Today I’m talking about how to change from “stressed and angry” to “calm and happy”. “Healthy living” includes our emotional well being so today, let’s make a start on how to let go of anger.
In “How to Break the Habit of Being Ourselves”, Dr Joe Dispenza talks about how we get “addicted to being a bad mood”. (That’s not an exact quote!)
We get hooked on whinging and complaining but it’s not good for our health.
Being angry is stressful which can contribute to bad health.
Also, it’s WAY more fun to be happy and content.
Anger is an emotion. It often triggers a physiological response called the “fight, flight or freeze” response. Other emotions can also trigger physiological responses, often less obvious. (E.g. being happy makes us relax and decreases our heart rate.)
During the fight or flight response, the hormone adrenaline pumps around our body. We gear up to fight a bear or run away from a tiger. Useful in a dangerous situation but a bit overkill when it comes to spilling a coffee (or not being able to park your car).
This is the secret that most coaches use (and many self help books.) It’s actually based on Buddhist theory.
This model of events can be used to fix any problem…from how to lose weight to how to be happy. Or in this case, how to let go of anger.
It’s possible to change your persona overnight but most people take time for it to work in. Personally I’ve been working on being less “stressed and grumpy” and more calm and happy for a few years.
The idea isn’t that you don’t feel emotions, but that you centre yourself more quickly.
When you feel anger instead of lying on the floor screaming for half an hour, you recognise what’s happening. You do a few breathing exercises and wait until the emotion has passed.
The starting block is to examine yourself without judgement. As if you’re a person outside yourself. You start to see patterns and understand when you do certain things. e.g. eat cake or yell at people in the street.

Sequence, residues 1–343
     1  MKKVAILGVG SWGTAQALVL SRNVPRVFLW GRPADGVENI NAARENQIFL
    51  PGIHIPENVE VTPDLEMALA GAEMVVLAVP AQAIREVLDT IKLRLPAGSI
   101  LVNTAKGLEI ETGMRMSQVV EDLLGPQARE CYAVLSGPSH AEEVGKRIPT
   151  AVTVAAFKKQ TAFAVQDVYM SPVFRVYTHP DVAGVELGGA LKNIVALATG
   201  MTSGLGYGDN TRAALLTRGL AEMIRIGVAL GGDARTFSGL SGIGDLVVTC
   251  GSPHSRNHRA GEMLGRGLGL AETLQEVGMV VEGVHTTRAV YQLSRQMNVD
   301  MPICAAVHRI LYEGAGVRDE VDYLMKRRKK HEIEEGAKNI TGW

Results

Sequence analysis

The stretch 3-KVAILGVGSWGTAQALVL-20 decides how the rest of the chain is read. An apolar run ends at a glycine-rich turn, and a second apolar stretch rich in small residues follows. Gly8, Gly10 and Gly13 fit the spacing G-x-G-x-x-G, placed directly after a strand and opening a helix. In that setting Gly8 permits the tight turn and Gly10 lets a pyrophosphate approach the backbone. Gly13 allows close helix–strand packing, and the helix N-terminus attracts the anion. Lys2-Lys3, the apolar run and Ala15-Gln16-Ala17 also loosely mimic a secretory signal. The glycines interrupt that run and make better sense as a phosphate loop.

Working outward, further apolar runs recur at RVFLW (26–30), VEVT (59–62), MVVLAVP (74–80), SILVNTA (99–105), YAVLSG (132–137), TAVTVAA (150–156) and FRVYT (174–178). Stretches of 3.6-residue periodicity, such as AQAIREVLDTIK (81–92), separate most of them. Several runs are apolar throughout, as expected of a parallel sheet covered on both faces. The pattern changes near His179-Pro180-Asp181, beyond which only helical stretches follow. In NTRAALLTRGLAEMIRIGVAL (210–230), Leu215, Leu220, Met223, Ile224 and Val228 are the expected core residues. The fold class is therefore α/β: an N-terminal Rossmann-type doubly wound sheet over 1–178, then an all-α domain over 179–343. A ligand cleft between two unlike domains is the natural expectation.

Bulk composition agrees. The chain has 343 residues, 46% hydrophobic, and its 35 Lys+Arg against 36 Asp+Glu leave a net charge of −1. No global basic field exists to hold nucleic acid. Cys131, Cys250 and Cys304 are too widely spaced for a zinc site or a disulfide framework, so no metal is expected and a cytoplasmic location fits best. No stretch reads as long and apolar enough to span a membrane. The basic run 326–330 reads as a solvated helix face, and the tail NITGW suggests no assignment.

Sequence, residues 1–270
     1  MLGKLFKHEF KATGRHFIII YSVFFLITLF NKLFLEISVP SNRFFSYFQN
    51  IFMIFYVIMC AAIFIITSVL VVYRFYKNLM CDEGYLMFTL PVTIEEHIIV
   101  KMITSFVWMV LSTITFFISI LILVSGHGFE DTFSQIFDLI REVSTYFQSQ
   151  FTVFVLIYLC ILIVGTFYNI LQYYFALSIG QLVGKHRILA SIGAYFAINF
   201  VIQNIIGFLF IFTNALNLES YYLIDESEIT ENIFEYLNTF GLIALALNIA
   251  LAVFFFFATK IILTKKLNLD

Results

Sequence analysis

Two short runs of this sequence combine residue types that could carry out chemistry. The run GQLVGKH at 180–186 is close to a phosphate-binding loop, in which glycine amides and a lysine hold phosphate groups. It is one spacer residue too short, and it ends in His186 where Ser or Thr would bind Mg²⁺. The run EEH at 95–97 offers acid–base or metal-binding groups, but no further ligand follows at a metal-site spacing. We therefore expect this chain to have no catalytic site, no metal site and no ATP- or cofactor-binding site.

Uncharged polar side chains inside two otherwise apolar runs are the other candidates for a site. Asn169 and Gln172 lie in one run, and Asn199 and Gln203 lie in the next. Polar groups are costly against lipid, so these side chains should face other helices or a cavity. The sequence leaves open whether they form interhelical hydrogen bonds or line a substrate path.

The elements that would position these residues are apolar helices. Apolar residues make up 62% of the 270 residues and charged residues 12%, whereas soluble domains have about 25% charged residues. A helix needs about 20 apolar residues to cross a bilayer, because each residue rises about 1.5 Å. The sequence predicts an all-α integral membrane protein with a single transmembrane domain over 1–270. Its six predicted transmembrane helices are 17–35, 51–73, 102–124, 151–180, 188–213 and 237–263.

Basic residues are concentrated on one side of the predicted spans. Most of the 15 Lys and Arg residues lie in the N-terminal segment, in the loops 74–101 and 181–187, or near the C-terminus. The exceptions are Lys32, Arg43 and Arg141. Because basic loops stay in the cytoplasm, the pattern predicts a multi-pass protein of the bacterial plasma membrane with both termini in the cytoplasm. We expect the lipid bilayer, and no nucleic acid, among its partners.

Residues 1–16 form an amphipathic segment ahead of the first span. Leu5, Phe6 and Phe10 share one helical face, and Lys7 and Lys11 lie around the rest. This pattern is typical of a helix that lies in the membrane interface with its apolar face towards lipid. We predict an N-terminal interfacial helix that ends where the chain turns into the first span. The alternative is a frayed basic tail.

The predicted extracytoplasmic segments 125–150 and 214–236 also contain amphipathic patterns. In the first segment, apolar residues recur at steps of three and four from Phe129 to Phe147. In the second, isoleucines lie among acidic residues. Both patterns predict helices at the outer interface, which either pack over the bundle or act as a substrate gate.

You can think of this model as a straight line. Thoughts lead to emotions that lead to actions.
You can also think of this model as a circle that repeats itself. Thoughts lead to emotions that lead to actions that lead to thoughts that lead to emotions…
You can keep going around in circles.
You can access the circle at any of the three points. You can make changes to your thoughts, your emotions or your actions.
Let’s look at each area individually.
Or “No-one can eat heaps of sugar without it affecting them.”
When reframing, you need to be kind to yourself yet realistic.
If you think “I have a fat and ugly body”…going straight to “I’m thin and beautiful” isn’t realistic. But you can be neutral and go with “I have a body”.
“Thinking positively” doesn’t mean pretending everything is great when really it sucks.
But it is possible to see benefits in many situations that appear to be “not so great”.
Or even hold the space for something positive to come out of a situation. Often we can’t immediately see the positive until a while after the event. We’re too busy focusing on the negative and drama.
Mantras are short phrases that you repeat to yourself. Perhaps whilst you’re exercising or before you go to bed.
“I love myself”
“I surround myself with loving people”
“Aim for progress, not perfection”
They need to relevant to what you’re trying to achieve and realistic. You can’t change your beliefs by “pretending”.
When we take the time to think about all the amazing things in our life, we feel more content.
Your kids might be noisy and annoying. You can be grateful that they’re healthy.
Your boss might be driving you up the wall. You can be grateful that you have a job, a car, a house.
We take so much for granted. It’s a fantastic practice to spend time looking at what we do have and being thankful for it.
If you’re a parent, I bet when you were handed your baby for the first time you thought “help!”
You didn’t feel like a parent. I know I didn’t.
What did we do? We just got on with it! We performed the actions that needed to be done, even though we didn’t feel like parents.
Eventually we began to feel like parents! (And many of us have now forgotten what it felt like before we were parents.)
You can also see this with “Impostor syndrome”. People who don’t feel as if they are what they are (e.g. a doctor or lawyer.)
There’s so much that you can do to move from “angry and grumpy” to “calm and happy”.
Remember it doesn’t happen over night. It’s a journey to be enjoyed.
I hope you’re looking forward to taking the first step of your “letting go of anger” journey.
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